Trusting in chariots

As I continue thinking about the Montessori school, and its advantages and disadvantages, I am reminded not to trust in chariots. God is the one who formed Amy, knit her bones together, wove her personality, and he is the one who will sustain and grow her.

I am afraid of public school, and even afraid of “ordinary” preschool. I don’t think my public school experience served me well socially and psychologically. I did very well academically, and managed to make some friends, but a lot of my experience confirmed, reinforced, and further developed some seriously wrong thinking about what it means to be a person, to find one’s place in the community, how to relate to oneself and others. I am afraid of the tide of institutionality and conformity that seems to flow, relentlessly, inevitably, subconsciously in many cases, in a place where so many students with so few teachers need to be channeled through their education as efficiently as possible, and so all the little sharp edges, the things that make anyone stand out positively or negatively, must be worn down and removed.

On the other hand, her experience might not be like mine, despite the same desks in rows and hall passes, despite our shared awkward and difficult combination of intensity, willfulness, and sensitivity. She might be blessed with teachers who are conscious of the tide and who fight against it, teachers who strive to observe and protect and encourage each student’s individuality, who help her find the way between brat and doormat.

It would be good to save money, and even better to be more involved in our own community.

On the other other hand, just because I’m seeing how much my thinking is being driven by fear, and how little I am trusting God, doesn’t mean Montessori is the wrong choice for us. It might still be our best option. Her soul is worth good care, wherever we think we can find it.


4 thoughts on “Trusting in chariots

  1. I had this halting fear the night before Mabel’s first day…the fear when I realized (again) that she’s entering the world of institutions. After talking a while, Gordon and I came to the beautiful conclusion that institutions are the mark of humans. All over the globe, people develop structures to help us live in a civilization, safely, cooperatively, and with order. Within those structures, each kid colors their own snowman whatever color he or she wants, but the problem isn’t with having the same box of crayons and the same coloring sheet.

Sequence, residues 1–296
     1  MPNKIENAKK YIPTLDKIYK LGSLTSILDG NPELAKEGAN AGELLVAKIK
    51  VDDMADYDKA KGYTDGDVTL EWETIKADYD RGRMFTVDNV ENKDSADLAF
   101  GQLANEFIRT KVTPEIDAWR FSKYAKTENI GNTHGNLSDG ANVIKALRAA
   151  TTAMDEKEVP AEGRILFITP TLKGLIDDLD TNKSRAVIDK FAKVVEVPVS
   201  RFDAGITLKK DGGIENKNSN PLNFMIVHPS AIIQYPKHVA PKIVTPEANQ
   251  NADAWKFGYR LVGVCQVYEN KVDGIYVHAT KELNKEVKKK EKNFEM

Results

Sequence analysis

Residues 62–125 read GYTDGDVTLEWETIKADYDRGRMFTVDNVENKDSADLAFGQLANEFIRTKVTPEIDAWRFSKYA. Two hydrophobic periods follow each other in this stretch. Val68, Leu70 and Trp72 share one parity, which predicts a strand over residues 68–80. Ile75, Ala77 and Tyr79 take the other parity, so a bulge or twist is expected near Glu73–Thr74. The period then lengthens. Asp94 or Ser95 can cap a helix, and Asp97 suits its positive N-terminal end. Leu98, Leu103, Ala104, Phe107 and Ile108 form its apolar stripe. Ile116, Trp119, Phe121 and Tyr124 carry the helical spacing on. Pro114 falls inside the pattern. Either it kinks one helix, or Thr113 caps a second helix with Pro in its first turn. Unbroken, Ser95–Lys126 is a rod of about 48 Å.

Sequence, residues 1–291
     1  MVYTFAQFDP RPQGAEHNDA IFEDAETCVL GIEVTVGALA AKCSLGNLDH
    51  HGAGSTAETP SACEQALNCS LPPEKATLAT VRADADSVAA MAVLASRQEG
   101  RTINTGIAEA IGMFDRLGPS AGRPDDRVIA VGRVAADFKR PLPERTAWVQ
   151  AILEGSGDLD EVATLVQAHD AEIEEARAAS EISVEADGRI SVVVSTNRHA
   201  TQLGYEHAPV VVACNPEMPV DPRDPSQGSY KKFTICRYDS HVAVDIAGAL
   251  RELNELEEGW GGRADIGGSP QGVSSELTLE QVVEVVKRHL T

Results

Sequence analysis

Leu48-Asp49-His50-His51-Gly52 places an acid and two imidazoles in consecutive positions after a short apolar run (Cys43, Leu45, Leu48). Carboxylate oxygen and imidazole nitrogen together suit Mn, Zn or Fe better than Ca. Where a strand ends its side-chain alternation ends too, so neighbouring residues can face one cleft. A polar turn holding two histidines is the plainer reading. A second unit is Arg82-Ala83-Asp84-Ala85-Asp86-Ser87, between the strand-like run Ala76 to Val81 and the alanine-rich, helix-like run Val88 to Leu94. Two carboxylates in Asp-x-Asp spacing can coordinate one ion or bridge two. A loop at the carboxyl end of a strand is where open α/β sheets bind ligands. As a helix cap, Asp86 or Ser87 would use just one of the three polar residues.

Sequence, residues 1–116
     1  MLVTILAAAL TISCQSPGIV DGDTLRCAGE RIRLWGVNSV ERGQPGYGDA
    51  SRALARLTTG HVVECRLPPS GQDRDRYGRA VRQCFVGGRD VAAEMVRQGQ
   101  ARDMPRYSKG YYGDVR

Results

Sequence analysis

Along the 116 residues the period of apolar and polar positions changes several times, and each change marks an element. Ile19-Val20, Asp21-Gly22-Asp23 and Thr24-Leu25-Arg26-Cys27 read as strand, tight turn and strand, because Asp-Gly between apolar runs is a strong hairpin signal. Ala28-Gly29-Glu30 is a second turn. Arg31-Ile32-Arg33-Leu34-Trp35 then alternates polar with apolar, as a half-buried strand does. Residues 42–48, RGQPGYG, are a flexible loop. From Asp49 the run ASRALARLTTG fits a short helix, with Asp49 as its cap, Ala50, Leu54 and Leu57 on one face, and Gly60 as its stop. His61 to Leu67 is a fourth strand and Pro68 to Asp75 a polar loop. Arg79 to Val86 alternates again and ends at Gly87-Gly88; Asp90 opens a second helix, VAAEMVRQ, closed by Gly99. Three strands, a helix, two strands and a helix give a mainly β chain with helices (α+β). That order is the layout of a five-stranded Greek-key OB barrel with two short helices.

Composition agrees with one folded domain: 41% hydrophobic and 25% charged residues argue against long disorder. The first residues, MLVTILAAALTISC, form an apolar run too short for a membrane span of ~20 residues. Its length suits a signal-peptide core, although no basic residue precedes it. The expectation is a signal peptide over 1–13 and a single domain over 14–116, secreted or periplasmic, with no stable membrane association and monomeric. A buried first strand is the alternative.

2. True. It’s not the institutions that are evil in and of themselves, but how we entrench them and stop noticing them and that sort of thing. Good to be reminded that they have their purpose and reason for being, and can be used well.

  3. Ah, schooling. I’m glad I don’t have to think on that any more.
    My first was the “perfect” student. Loved school, loved learning, loved structure… did college in 2 1/2 years and then law school. At 45 she’s a cheese making goat farmer! My second was my wild child and lasted in school until he was 14 and then stopped going. Two years later her went to college and on right through for a PhD but no high school diploma or GED. He’s now a professor of Environmental Studies. Loves teaching!
    My third did it by the book, was an okay student and got her RN. She’s an emergency room nurse, loves it!
    My fourth did all her school years but grade 7. That year she stayed home to be homeschooled and did her own thing. Graduated 5 th in her class from high school, got her associates degree and has four successful businesses going with her husband.
    Number five, my genious, hated formal learning and school and structure and preferred to learn on his own. He was home schooled until Jr. High , got a full scholarship to college, hated it and left and now works as a computer “jack-of-all-trades for a company in Maine. He was recruited by a couple of silicone valley folks by won’t leave Maine. He has taught himself several computer languages as well as Finnish. His bathroom reading is so deep and often dry that it make me laugh. His most endearing quality is his love for his two little boys (16 months and 4) and the wonderful time and energy he puts into them.
    And then there’s my baby girl (aged 32) homeschooled until 6th grade, refused to go to 7th and didn’t do 8th either but went right into High school. The at 15 spent a year in So. America where she learned to speak Spanish like a native and came home to become a Spanish teacher and a computer geek involving all her language students in the technology. She is a top notch teacher and has been asked to teach new teacher how its done.
    I agonized over their education and finally realized they were all different and that learning takes place everywhere and all the time. The key was to have them own their own learning and trust them to know what they wanted to know.

  4. Jan, bless you for knowing your kids well enough to have helped them find their own ways for learning, all so different.

    The first one sounds a little like me — I did well in school and enjoyed it (except for much of the social stuff), and thrived in college studying almost everything I could, and now I’m a semi-self-employed seamstress and hammered dulcimer artist without regrets. I’ve never had a standard full-time job.

    Seventh grade is definitely a good one to skip!

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